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A RioCan centre in Kingston, Ont.
A RioCan centre in Kingston, Ont.

Number Cruncher

REIT sector still has strong foundations Add to ...

Nothing says stability like bricks and mortar. Perhaps that's why real estate investment trusts (REITs) and real estate operating companies (REOCs) have enjoyed such good times over the past couple of years as investors search for dependable yields in an unpredictable economy. But after the large gains, is it still possible to find value in the sector? With the help of a recent report from Desjardins Securities, we went looking.

What are we looking for?

Canadian REITs or REOCs that can appeal to value-oriented investors. More specifically, we went in search of real estate firms trading at significant discounts to their net asset values (NAV).

What did we find?

Several REITs and REOCs that met our criteria.

Jeff Roberts, author of the Desjardins report, believes the REIT sector as a whole is well positioned for attractive returns over the coming year. "Demand for properties remains strong," he writes, noting that not only REITs, but institutions and private investors are now chasing income-producing properties.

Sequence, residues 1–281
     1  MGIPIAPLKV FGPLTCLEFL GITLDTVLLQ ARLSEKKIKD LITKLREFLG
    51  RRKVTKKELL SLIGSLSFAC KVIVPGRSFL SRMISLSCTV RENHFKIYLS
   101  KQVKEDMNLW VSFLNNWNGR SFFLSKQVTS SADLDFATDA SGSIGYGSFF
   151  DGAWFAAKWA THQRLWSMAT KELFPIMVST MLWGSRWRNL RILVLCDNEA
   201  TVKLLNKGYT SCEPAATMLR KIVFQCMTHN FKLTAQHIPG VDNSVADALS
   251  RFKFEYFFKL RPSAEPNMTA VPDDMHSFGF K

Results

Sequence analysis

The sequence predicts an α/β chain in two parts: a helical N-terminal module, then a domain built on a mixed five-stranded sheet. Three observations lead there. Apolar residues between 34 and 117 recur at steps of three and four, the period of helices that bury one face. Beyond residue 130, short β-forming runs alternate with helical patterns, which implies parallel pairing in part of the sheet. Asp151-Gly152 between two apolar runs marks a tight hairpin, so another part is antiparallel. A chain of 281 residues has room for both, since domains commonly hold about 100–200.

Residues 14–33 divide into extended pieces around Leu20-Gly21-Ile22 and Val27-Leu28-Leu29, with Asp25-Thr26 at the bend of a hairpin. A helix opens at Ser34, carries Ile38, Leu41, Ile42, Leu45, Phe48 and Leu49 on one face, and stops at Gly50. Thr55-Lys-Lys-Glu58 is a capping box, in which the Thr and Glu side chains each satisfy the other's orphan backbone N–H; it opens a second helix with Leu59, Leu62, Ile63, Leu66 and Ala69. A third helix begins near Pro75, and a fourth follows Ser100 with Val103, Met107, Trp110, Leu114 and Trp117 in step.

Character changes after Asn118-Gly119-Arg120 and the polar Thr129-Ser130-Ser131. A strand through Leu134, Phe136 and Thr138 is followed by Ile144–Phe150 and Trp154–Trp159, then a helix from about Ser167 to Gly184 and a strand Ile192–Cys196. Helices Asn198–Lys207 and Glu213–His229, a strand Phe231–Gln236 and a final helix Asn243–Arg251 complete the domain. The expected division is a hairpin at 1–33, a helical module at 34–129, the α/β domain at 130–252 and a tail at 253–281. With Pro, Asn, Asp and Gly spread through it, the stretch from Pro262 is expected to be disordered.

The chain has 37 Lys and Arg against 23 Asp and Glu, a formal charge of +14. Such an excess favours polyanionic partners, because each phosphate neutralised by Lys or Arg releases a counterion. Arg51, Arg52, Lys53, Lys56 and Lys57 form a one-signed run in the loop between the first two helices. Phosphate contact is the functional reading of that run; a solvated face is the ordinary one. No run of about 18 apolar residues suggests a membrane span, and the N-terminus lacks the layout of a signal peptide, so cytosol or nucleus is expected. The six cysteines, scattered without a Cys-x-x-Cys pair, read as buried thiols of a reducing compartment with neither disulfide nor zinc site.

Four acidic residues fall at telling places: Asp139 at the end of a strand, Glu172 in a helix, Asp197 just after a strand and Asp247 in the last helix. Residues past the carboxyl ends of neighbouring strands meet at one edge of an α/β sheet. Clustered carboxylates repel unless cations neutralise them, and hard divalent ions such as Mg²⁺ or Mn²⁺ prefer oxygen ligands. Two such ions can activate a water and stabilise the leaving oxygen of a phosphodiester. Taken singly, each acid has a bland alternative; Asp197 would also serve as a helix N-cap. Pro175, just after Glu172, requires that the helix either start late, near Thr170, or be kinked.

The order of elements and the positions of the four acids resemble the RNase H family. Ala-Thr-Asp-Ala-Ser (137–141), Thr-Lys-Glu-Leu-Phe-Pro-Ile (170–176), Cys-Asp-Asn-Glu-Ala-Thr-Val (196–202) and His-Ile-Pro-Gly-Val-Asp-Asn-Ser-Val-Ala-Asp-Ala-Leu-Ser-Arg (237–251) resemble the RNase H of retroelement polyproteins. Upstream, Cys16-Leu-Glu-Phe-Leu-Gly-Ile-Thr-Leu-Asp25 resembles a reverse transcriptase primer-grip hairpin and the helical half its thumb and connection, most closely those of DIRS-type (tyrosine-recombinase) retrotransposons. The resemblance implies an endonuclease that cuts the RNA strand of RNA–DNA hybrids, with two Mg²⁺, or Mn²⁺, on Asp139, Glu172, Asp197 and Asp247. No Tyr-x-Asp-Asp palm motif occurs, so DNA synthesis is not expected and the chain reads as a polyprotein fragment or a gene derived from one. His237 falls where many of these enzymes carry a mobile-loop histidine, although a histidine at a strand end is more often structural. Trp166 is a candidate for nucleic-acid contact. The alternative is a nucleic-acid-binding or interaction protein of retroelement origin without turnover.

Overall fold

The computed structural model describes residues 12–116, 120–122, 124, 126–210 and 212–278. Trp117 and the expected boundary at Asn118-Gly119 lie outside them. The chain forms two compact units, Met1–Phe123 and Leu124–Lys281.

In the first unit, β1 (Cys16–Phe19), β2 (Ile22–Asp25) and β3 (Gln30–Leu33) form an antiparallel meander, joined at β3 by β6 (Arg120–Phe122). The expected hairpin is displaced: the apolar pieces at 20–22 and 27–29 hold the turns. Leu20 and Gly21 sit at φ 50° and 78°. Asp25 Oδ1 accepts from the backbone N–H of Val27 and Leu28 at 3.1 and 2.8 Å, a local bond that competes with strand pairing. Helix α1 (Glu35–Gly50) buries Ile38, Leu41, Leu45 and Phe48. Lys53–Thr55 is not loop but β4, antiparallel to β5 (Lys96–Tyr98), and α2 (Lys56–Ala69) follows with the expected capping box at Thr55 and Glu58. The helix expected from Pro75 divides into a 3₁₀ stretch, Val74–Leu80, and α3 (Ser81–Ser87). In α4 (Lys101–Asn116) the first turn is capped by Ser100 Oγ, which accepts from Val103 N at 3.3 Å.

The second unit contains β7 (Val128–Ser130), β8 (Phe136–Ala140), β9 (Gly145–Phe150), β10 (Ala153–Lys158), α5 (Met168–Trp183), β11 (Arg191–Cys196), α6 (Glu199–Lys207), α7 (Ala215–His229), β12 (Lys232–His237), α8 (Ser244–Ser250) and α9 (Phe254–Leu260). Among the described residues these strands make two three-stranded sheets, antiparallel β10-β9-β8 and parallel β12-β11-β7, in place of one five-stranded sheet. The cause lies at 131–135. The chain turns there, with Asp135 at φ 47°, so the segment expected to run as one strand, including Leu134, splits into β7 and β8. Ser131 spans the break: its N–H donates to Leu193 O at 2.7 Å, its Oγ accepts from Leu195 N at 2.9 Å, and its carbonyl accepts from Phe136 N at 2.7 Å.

In addition, mortgage rates continue to be low, financing conditions are solid, and fundamentals are improving in most Canadian property markets. Capitalization, or "cap," rates are still declining but should stabilize in the second half of the year. (Cap rates measure how much net operating income a property throws off in relation to its purchase price.)

That said, not all REITs offer the same prospects. Mr. Roberts is a strong believer in assessing real estate investments by looking at the gap between their stock market valuations and estimates of their NAV. He thinks some REITs and REOCs are now fully valued, or nearly so, while others are trading below NAV.

The accompanying chart shows premiums or discounts to NAV for several REITs and REOCs. Mr. Roberts' top pick is Mainstreet Equity, a Calgary-based mid-market apartment owner, which trades at a 32-per-cent discount to NAV and has strong prospects for growing its cash flow. Another favourite is Melcor Developments, an Alberta-based land developer that he estimates is trading at a 38-per-cent discount to NAV.

Given Mr. Roberts' generally positive outlook for the sector, he also likes some firms that are trading at smaller discounts or even premiums. Among small- to medium-capitalization players, he prefers Huntingdon, Homburg, Killam and Retrocom. Within the large-cap universe, he likes Boardwalk, H&R, Allied, Calloway, Cominar, Dundee and RioCan.

Follow on Twitter: @IanMcGugan

 

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